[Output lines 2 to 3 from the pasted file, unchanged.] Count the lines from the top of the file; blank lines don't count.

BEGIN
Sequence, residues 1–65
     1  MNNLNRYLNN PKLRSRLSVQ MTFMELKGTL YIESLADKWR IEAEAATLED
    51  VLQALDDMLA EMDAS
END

     1  MNNLNRYLNN PKLRSRLSVQ MTFMELKGTL YIESLADKWR IEAEAATLED
    51  VLQALDDMLA EMDAS